Different factors in different environment have been researched as
contributing to failures in administration of projects. In Nigeria for example,
it has led to abandonment of some projects especially in the public sector.
We see building, road and other infrastructure projects left uncompleted
and abandoned daily dotting the landscape of the country.
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Many factors have been identified for this phenomenon. Olawale & Sun
(2010) identified five major factors as responsible which includes
inaccurate estimation of cost and time, design changes, risk and
uncertainties, complexity of the project and non-performance of
Contractors and contract administration.
01.Design Changes
Design changes are basically deviations from the original design which can
include addition, substitution, omission in the original bid drawings or
contract drawings. These could be as a result of changes in Client’s
requirements, failure to capture all the Clients requirements before the
bidding stage, inadequate information, lack of detailed design and non
clarification of design development and design changes in the contract,
errors in drawings and specifications, and contradiction in contract
documents.
02. Inaccurate time and inaccurate cost- estimate
Cost estimation is defined as the technical process of assessing and
predicting the total cost of executing a project in a given time using all
available cost information resources.
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Schedule estimation is using the technical information to assess and
predict when a given item of work can be completed based on the
available input resources taking into consideration various constraints.
Cost overrun is measured as the actual construction costs minus the
estimated costs as a percentage of estimated costs. Estimated cost is
defined as the budget or forecasted cost determined at the time the
decision to build is taken i.e. the cost arrived at feasibility stage.
Since these initials are the product of planning stage, it shows that every
action taken in establishing base lines at this stage is critical to the project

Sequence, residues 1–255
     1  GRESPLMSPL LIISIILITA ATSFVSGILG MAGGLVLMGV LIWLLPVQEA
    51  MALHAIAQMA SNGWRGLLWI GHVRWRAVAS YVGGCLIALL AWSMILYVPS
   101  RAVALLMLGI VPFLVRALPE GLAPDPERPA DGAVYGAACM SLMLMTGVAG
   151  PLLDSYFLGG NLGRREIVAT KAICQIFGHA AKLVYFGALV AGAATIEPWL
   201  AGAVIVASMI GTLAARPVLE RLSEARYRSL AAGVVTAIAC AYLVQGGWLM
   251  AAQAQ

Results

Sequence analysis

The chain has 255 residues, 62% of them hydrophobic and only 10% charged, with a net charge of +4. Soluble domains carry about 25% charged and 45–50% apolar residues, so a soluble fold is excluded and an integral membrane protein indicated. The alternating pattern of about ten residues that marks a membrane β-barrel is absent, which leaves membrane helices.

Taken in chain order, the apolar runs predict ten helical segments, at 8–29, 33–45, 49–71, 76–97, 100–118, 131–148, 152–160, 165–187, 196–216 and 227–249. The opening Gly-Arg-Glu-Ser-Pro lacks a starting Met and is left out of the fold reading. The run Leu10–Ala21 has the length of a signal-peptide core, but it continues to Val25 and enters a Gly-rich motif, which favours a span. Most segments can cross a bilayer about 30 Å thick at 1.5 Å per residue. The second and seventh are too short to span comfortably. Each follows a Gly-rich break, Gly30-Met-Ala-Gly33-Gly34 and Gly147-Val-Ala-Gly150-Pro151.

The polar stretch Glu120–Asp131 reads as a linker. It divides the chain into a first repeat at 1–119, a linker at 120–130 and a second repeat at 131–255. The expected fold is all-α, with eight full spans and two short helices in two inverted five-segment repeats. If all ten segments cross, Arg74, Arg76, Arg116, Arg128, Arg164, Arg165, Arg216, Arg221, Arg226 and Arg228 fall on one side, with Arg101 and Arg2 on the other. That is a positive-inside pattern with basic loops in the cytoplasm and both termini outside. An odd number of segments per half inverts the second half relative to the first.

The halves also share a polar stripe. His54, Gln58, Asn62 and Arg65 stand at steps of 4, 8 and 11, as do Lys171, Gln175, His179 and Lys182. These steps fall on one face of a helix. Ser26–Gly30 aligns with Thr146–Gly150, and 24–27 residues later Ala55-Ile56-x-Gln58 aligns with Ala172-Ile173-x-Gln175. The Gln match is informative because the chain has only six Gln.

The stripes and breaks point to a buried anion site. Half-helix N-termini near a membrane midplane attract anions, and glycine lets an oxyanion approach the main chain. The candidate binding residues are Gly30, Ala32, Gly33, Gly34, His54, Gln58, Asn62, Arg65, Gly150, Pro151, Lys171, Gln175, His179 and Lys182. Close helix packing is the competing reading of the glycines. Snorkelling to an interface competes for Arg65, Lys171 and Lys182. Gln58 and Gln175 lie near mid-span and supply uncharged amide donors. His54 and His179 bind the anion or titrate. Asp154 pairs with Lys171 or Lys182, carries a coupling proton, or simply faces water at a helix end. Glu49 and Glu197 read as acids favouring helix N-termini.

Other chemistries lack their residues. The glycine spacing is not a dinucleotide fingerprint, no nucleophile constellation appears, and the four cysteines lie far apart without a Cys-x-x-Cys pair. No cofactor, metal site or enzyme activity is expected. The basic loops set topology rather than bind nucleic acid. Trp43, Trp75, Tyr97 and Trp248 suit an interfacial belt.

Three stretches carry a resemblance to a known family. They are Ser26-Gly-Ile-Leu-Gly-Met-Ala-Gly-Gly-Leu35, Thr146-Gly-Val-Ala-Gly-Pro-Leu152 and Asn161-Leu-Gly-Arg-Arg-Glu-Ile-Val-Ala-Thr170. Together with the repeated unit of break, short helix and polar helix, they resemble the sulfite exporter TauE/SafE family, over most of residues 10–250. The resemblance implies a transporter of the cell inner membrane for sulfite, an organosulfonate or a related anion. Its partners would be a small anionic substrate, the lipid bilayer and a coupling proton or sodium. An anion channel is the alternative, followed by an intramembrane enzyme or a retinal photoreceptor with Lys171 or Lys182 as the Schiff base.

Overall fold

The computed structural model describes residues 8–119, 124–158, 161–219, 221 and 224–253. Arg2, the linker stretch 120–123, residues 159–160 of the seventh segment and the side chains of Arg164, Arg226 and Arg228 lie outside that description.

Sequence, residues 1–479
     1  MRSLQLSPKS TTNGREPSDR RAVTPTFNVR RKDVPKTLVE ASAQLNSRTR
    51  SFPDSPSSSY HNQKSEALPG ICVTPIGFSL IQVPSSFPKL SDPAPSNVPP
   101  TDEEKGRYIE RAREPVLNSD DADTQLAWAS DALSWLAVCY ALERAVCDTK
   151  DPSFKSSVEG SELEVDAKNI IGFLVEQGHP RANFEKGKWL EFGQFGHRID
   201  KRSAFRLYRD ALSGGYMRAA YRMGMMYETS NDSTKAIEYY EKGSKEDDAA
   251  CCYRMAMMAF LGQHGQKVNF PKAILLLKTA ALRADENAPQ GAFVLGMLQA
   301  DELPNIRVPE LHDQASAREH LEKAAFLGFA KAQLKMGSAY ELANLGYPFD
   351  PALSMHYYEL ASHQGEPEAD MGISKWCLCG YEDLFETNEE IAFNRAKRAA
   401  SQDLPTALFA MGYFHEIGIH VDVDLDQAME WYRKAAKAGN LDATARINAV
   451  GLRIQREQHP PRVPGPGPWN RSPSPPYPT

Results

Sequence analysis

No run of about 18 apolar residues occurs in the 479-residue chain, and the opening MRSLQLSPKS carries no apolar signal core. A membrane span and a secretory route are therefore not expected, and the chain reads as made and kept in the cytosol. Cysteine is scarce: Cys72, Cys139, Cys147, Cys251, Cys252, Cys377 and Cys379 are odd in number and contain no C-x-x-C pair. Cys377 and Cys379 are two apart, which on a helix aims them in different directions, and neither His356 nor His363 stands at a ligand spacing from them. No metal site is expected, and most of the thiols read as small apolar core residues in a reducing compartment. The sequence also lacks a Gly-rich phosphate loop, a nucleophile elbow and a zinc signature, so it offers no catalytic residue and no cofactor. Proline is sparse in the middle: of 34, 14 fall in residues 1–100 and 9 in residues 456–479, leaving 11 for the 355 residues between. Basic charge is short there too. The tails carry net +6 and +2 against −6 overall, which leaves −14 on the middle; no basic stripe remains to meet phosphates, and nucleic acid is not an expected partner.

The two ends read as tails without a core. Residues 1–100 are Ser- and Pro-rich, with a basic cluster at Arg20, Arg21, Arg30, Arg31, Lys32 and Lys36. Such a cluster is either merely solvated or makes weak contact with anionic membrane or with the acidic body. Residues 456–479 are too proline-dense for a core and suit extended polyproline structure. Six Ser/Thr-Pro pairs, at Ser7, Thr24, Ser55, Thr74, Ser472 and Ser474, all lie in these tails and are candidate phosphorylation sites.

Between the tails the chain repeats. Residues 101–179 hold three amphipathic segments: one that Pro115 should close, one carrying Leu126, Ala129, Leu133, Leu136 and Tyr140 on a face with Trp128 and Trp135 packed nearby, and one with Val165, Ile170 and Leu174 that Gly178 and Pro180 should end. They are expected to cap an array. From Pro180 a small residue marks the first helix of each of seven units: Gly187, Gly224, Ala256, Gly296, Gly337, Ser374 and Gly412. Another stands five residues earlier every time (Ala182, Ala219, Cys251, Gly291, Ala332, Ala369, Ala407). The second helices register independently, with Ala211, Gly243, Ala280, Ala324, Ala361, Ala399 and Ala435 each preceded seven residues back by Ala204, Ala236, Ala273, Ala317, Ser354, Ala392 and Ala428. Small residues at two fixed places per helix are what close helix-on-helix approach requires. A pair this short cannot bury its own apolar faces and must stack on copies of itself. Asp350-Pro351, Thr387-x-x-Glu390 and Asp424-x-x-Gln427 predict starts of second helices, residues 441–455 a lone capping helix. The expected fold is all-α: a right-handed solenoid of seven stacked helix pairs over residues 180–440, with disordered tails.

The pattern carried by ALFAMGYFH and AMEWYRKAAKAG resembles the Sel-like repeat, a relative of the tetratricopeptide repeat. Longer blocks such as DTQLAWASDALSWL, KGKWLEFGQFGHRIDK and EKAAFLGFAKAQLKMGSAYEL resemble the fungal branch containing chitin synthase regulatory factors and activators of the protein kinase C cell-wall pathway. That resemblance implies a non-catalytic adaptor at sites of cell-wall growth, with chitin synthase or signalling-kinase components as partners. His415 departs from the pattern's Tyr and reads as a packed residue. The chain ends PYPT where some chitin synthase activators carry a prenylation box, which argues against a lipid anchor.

administrative success. If the budget and time estimates are wrong , either
by overstating or understanding which might be due to errors,
incompetence or unethical behavior, they will definitely affect the project
process and procedure.
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03.Project Characteristics
Each construction project is unique with its characteristics. Some are of
low-tech, medium or high-tech requiring different levels of technological
application and input. The construction of iconic buildings for example
demands special construction method and technology which may require
optimum solution to cost and schedule management especially where
there are changes either in design or during the occurrence of
uncontrollable risks .
These characteristics include

Project size

Design complexity

Vagueness in scope

Location

The type of contract

Context of contract

Procurement strategy

Risks and Uncertainties
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04.Risks and uncertainties
Risks are defined as a chance that danger, damage, loss, injury or any
undesired consequences may occur. However, risk may present positive
opportunities but where risk engineer a loss, it could be catastrophic and
costly.
The very nature of construction is risky and risk indicators are dependent
on the type of project and its environment. There are some risk factors that
are controllable while others are uncontrollable .
The Political Risk
The political risk is related to the political climate of a country and the type
of government that is functional in the said country. This risk is the
probability of some political events that will change the prospects of
profitability and the administration of the project. Political instability,
changes in regulations and include strikes and terrorism are typical political
risks.
Economic Risk
Economic factors affect the cost of construction and may cause an increase
in the total cost of a project. The economic stability of a country can affect
the cost of labour, materials resulting in price fluctuation. The longer the
duration of a project, the higher the exposure to economic
risks.
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In Nigeria, it is generally assumed that contract with more than 12months
duration should include provisions for payment of additional price increase
in the cost of labour and materials otherwise known as fluctuation
especially where advance payment has not be given for such materials.
Construction Specific Risks
These include unknown geological conditions, Weather Condition, Client
instruction and the type of client, Contractor and Subcontractor risks.
Technical risks also belong to this category.
Risks with their on projects can be identified at the planning stage of a
project and documented with the management of each one allocated to
the parties to the contract based on the knowledge of the parties . The two
key elements in risk allocation are negotiation and mutual trust.
Before allocating risks, it is necessary to identify these risks, with the
project goal in mind, share risks where appropriates. The mitigation of risks
cost money. These mitigation costs are added to the cost of the project.
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4.00
THE ESSENTIALS OF SUCCESSFUL ADMINISTRATION
The real essentials from a Consultant Quantity Surveyor’s perspectives are
those things that are needed to be done to proactively manage cost,
contracts, communications and claims on a project.